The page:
Mrs. Viera said she is less focused on the size of the group and more on holding the members accountable for the pillars. “If they’re not doing the community service, they need to understand that they can be asked to leave the National Honor Society. I’m hoping that students understand that the other three pillars will be heavily measured on a daily basis,” she said.

Since the intention of the change is to place more emphasis on the other pillars, a large class size could be avoided by raising the requirements for them in the application process. However, there is no longer a 30 hour requirement for community service, as it has been replaced by more subjective measures.

Ms. Enoksen said, “For community service, it’s not just about quantity but quality. The quality of it is more important than how much you do. It should be ongoing, not just in the month between the application and the due date.”

Mr. Thibault recommended an alternative way applicants can present their service: a portfolio of photos from their volunteer experience and a reflection of what meaning they derived from it. He said that this could make service more meaningful to NHS students. This suggestion will not apply to this year’s applicants but may be implemented in the future.

No new policies have been created thus far to raise the standards of leadership or character. Applicants will be measured based on a rubric for all the pillars, other than scholarship, Ms. Fletcher said.

Chamberlain said that she understands the thinking behind the new selection process but has doubts as to how it will play out in practice. “Most of the judgments would become subjective, which isn’t fair for the students applying,” she said. “For example, how can one student’s character from an essay be better or worse than another student’s? It would be based completely on whoever happens to read the application.”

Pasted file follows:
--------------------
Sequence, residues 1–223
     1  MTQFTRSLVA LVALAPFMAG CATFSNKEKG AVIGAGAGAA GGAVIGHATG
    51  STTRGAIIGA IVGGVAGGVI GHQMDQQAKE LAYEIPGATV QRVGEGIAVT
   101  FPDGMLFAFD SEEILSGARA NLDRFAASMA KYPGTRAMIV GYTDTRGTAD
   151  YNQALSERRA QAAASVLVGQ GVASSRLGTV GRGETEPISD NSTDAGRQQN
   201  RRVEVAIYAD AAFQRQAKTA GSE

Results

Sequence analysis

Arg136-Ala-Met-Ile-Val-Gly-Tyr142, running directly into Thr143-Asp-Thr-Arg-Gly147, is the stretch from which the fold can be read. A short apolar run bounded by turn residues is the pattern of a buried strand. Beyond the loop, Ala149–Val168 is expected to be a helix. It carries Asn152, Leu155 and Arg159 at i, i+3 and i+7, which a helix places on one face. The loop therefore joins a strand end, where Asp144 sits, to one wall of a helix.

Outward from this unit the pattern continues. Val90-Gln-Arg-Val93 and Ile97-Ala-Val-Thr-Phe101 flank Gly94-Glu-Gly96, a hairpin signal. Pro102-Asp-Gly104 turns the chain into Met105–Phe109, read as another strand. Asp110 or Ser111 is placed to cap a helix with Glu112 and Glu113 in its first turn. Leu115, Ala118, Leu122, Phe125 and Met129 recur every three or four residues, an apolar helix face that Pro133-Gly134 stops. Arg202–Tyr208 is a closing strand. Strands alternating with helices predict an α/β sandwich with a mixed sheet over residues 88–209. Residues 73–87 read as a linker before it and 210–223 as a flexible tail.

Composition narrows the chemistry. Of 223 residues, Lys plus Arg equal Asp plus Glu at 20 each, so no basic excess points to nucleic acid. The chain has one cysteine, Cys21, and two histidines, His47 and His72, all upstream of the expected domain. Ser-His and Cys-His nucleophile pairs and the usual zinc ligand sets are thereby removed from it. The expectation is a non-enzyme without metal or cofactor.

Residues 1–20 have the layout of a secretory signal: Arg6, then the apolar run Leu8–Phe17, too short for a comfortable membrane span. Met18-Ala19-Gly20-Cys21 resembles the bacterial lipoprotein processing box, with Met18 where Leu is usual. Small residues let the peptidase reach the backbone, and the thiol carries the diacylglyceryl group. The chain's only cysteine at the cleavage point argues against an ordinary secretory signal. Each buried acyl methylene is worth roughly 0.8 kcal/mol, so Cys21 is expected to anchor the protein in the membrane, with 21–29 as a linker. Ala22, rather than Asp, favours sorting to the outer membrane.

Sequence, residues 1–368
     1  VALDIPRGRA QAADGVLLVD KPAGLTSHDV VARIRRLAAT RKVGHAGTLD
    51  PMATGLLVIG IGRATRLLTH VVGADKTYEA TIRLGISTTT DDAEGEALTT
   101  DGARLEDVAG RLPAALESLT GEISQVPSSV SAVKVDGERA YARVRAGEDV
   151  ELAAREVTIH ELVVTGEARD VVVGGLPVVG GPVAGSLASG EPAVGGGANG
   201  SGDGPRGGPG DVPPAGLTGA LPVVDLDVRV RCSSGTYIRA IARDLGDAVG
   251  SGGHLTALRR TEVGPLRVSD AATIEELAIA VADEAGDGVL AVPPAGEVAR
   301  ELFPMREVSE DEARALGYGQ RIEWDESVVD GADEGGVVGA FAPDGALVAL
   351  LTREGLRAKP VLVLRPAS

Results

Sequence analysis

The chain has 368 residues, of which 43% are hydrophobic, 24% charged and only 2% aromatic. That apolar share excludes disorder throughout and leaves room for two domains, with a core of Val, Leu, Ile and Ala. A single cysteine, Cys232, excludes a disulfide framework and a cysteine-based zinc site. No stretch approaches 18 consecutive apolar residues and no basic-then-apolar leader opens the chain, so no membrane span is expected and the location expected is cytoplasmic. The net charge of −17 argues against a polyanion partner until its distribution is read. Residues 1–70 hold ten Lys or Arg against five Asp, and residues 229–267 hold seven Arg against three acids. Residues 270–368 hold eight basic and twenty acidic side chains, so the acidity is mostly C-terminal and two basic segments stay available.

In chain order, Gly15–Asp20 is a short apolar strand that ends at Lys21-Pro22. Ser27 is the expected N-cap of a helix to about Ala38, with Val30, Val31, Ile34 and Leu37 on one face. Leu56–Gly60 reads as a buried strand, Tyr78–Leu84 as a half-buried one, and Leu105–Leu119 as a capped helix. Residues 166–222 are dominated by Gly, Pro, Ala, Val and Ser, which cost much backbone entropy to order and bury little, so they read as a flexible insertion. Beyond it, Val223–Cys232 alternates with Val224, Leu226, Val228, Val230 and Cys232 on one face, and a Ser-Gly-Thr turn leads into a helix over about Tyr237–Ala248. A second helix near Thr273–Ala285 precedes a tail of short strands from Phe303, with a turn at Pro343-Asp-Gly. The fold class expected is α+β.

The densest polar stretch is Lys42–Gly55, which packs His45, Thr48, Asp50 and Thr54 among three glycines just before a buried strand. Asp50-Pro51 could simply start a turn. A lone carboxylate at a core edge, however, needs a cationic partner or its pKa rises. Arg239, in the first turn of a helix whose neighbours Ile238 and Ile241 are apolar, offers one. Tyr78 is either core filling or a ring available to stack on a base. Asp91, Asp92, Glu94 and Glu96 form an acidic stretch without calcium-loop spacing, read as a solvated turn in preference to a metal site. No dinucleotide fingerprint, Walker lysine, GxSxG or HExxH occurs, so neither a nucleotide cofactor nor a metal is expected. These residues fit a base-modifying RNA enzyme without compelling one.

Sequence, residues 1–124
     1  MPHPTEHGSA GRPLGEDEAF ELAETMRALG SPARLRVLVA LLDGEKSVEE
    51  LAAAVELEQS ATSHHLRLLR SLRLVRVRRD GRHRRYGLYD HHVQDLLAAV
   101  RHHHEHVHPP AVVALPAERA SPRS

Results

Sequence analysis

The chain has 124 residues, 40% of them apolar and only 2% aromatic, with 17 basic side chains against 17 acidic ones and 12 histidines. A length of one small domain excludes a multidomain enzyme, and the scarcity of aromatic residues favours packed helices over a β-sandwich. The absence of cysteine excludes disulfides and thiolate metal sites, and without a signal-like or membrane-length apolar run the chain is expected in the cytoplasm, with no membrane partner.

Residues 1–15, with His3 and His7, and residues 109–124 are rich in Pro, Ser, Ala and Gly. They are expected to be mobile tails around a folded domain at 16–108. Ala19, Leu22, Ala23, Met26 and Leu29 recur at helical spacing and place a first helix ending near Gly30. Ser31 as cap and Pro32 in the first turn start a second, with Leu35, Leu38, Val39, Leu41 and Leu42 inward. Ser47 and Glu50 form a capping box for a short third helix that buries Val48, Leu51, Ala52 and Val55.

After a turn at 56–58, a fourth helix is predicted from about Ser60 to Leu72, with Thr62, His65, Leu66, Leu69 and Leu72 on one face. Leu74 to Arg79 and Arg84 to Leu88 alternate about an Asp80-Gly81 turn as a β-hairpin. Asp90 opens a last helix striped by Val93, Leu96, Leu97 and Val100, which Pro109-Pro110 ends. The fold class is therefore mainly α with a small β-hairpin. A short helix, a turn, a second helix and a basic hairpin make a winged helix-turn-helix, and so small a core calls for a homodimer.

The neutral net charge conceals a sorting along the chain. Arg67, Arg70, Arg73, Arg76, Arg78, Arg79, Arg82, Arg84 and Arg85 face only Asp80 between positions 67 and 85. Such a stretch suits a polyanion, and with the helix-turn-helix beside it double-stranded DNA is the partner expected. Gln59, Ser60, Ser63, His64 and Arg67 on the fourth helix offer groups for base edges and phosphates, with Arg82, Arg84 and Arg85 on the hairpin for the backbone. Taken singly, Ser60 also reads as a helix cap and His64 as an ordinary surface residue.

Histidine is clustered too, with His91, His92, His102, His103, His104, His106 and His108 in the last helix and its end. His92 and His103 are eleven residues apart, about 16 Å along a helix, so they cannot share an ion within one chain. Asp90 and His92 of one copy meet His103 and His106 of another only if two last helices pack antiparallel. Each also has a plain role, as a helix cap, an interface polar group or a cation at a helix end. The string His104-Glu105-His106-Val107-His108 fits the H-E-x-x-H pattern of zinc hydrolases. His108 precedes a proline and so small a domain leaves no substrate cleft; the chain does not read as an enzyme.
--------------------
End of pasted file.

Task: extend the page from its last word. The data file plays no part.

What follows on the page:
Students who are not admitted can appeal their decision through an official process, according to Mr. Thibault. However, he also said that students should be able to revise parts of their application after submission. “National Honor Society is about a learning experience. If the student exemplifies those pillars, then they should be in. Period,” he said. “If they have to go back to revise their essay, then that means it meant something to them.”

Current NHS members have concerns about the new admission standards. Senior Paul Jasmin said, “I’m not saying it’s a bad thing, but we’ve been in it for a year. I’m just curious to see what else they’re going to have to do that we didn’t. More people should be able to get in if they’re eligible, but I think they should have to do more community service.”